Sunday, 1 December 2013

It really can be you!

My speech from Thursday November 28, 2013 at the “Saskatchewan’s Got Talent”. 

I would like to start as a woman I admire ends. “Be kind to one another!”  Ellen DeGeneres makes a habit to help people that need it.  It always warms my heart.

Last night I was lucky enough to be at a football banquet for my son’s team.  He is 17 and this year they won the 9man 3A provincial championship.  At the supper last night, they collected food for the food bank.  As I sat and looked at the team, many were on the honor roll, many play different sports, and they are all just good kids. 

I got an email from a lady that was a board member.  It was regarding an unexpected donation.  An eight year old girl named Ashlynn had decided for her birthday all she wanted from her friends was two toonies.  One she kept and the other she collected and gave to us after overhearing from her mom talk about what we do.  She must have a lot of friends because she donated $118 in a Ziploc bag!

So here is my point.  There are amazing kids in this world because we made them that way in the same way that our parents taught us to be kind to one another.  I really do believe that if we got out of bed every day and decided to be kind to one another, the world would be a better place. 

This year has been amazing for me.  It has also been a tough year for my family and I.  I was able to complete my CAIB designation which was great.  (For all you non insurance people this is a big deal!)  I was also honored to be nominated and then win a Woman of Distinction award for my work with Forever Friends.  Some pretty amazing stuff!  And then everything changed.

Two days before our spring auction, two days before I wrote my final CAIB exam, I had a pain in my right hip.  

That pain progressed to more joints and more pain.  Balance problems, hospital stays and unknown trips to the doctors followed.  They actually still don’t know what I have.  So I am rocking my new accessory, my cane, and having a lot of naps.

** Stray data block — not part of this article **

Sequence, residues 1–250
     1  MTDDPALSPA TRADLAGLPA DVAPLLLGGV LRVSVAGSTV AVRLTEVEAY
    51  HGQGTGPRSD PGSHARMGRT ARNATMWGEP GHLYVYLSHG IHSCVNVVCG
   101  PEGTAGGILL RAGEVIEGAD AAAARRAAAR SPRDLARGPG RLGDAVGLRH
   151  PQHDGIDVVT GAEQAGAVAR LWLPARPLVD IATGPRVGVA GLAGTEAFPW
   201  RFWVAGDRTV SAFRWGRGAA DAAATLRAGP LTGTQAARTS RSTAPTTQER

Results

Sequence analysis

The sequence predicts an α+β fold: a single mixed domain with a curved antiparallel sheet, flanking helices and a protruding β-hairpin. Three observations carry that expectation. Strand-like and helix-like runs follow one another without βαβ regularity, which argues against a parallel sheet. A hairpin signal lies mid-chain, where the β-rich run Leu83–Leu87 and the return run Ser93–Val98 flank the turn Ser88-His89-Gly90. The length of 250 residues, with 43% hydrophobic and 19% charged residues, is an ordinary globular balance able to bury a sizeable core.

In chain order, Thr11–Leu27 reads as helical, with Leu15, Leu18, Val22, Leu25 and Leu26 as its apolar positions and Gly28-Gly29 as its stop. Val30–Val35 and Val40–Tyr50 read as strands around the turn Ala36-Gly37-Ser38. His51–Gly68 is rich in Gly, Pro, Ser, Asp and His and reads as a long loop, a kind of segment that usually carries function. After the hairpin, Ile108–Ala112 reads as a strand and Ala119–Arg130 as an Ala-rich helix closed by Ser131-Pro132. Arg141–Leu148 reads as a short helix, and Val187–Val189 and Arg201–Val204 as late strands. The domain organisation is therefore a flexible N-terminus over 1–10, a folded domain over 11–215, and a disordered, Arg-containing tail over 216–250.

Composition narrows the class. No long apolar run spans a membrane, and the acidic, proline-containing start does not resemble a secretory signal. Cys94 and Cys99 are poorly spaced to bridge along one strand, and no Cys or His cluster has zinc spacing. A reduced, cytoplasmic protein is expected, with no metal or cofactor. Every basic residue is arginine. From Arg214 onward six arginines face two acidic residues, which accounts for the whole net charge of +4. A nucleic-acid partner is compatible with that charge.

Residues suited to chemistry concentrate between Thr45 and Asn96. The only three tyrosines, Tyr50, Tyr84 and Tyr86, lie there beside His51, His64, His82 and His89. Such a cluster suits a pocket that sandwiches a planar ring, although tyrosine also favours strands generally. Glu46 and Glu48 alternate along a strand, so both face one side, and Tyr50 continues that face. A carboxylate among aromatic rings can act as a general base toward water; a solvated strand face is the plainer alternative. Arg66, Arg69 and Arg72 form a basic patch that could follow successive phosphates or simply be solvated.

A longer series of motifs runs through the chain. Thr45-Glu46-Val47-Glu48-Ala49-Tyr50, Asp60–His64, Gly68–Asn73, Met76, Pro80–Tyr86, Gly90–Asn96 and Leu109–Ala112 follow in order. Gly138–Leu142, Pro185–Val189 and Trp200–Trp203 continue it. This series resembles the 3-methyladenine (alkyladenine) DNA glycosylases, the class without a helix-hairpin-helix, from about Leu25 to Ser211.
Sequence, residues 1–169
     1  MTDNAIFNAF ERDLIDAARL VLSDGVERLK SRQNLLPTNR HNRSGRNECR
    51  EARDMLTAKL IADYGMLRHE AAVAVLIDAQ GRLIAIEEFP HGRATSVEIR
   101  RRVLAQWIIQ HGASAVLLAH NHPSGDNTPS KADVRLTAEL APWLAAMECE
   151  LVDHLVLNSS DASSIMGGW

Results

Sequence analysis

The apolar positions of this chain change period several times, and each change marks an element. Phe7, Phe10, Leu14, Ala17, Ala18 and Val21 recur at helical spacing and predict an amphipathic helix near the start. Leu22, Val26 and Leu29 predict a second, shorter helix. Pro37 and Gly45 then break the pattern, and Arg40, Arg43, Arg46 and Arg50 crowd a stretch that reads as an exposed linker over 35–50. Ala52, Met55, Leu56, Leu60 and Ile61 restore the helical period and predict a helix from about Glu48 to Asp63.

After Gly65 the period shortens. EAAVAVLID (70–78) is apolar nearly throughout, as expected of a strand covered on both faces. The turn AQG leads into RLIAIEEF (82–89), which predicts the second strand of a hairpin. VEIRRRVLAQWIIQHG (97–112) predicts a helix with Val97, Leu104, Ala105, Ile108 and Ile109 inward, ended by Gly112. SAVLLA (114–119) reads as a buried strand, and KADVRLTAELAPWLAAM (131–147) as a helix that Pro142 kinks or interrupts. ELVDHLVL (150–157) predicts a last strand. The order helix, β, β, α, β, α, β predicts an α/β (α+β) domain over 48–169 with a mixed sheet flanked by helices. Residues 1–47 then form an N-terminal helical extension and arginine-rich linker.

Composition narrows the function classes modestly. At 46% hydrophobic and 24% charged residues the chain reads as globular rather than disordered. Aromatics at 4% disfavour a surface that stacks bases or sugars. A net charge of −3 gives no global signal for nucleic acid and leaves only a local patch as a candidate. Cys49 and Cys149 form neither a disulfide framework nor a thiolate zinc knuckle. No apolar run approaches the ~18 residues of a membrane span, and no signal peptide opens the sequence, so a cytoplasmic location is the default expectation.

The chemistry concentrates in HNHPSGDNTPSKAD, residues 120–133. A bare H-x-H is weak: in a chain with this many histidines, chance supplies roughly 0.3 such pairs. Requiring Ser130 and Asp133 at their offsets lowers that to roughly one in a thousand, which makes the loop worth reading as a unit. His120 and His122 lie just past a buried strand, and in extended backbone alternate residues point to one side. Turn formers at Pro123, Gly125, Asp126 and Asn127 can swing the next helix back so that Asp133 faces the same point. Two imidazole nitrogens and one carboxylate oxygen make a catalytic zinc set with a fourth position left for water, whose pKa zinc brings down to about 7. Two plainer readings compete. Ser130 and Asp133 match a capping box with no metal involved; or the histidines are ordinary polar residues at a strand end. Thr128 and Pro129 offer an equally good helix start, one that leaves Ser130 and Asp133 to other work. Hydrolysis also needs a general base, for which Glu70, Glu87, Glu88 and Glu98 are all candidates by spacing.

So in one day my world changed.  By the end of August I could no longer work.  I have to take a scooter when I shop because I can no longer walk through the stores.  I was unable to attend my son’s football games.  I missed my first Forever Friends meeting in eleven years. 

Everything changed in one day.  I have said over and over that we are all one diagnosis, one decision away from being in a place in your life from requiring help. 

My husband put my socks on for the month of September because I was  so sick that I couldn’t do it myself.  I went from working all the time, boot camp a couple of nights a week, being the first one in and the last one out in everything I did, to my husband putting my socks and shoes on for me.  It still seems surreal to say it. 

My message is simple.  Do not take your health for granted.  While you are healthy get disability insurance, make a will, have accessible savings.  Know what your insurance covers.  Does your mortgage insurance have a half pay meaning that only half of your mortgage is covered?  What are you waiting periods?  Ask questions.  Talk to an advisor. Make sure you are set up.  Your family counts on you.  Small business, look into benefits for your employees.  Providing for our families-no matter what is the goal. 

Forever Friends helps women financially after a cancer diagnoses.  We step in and fill in the blanks for women who have exhausted their 15 weeks of disability and are left to social services.  Because if you are not terminal, there is no long term disability in this country.  Our government prefers to pay 25 year old people not to work and not to help people that can’t.  But I digress, that is for a different speech.  This year alone we have stopped 2 evictions and paid for dental visits.  Imagine needing 150 dollars to pull a tooth that is causing great pain and having no way to get this money.  We have paid for lymphedema support, ostomy supplies, and food.